The rise in unemployed African Americans opened the doors for White Americans to further hold them back by denying loans through the process of Redlining. “Ethnic minorities and unemployment, and low on income and value of dwellings, can be expected to be a redlined” (Aalbers) which further imprisoned African Americans in the ghetto.

With so many African American’s unemployed and restricted from access to employment, the need for public assistance grew. Because of this need African Americans were further suppressed by there dependency on Public assistance. “The U.S. government operated its early public housing programs on the basis of de jure racial segregation,19 and fostered segregation in the private market by providing low-cost housing loans in a racially inequitable manner (as cited by Hart).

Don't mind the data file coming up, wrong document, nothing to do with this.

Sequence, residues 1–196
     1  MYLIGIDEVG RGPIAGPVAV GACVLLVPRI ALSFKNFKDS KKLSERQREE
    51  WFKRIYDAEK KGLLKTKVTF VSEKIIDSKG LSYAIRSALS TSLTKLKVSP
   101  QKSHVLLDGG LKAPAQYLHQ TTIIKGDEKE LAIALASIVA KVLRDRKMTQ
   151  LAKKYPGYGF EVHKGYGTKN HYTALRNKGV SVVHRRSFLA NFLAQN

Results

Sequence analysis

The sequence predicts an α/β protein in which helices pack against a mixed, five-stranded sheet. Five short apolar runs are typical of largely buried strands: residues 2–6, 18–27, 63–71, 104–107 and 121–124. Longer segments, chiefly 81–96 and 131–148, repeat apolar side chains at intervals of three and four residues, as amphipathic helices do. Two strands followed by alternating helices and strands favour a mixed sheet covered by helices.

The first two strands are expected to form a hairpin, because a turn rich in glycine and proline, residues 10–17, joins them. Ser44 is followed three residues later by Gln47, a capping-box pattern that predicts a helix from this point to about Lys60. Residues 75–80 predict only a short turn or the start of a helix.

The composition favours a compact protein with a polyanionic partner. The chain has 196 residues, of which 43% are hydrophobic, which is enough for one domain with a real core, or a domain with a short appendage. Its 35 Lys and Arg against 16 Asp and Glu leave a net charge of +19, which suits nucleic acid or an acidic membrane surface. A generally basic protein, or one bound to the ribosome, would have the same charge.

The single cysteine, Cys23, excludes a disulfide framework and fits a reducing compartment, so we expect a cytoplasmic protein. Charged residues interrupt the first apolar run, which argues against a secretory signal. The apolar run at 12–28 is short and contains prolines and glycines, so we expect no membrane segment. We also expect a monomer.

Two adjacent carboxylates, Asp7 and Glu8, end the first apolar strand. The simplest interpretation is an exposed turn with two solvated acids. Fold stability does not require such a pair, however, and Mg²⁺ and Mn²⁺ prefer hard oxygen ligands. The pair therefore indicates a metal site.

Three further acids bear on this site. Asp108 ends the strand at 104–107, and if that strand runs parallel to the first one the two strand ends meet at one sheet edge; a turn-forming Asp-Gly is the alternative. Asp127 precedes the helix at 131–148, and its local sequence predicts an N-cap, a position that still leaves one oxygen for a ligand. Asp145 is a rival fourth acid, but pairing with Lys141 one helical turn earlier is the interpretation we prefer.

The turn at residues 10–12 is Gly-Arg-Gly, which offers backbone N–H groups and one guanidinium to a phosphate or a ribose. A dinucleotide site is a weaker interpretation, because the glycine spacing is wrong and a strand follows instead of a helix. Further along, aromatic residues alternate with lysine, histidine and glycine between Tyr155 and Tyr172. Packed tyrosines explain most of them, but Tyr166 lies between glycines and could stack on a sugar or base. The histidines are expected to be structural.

At this point the social isolation of the African-American community gained momentum largely impart due to a decline in municipal resources and White Americans leaving the area in search of employment and housing in the suburbs. Instead of helping, the public housing programs further concentrated the African-American community and “those who remained in the ghetto tended to become more distant” (Anderson), having access to an adequate education, resources required to obtain jobs, and also lacking protection under the law as violence grew daily amongst its inhabitants. Since “Socialization is the way in which people learn the norms and values found in their society, develop social skills, and participate in societal roles that will be continued throughout their lifetime” (Koepke)the “economic and social isolation emerged from the ghetto” (Hart)and in a sense cut its members off from the “real” world.


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©2018 Jean Malek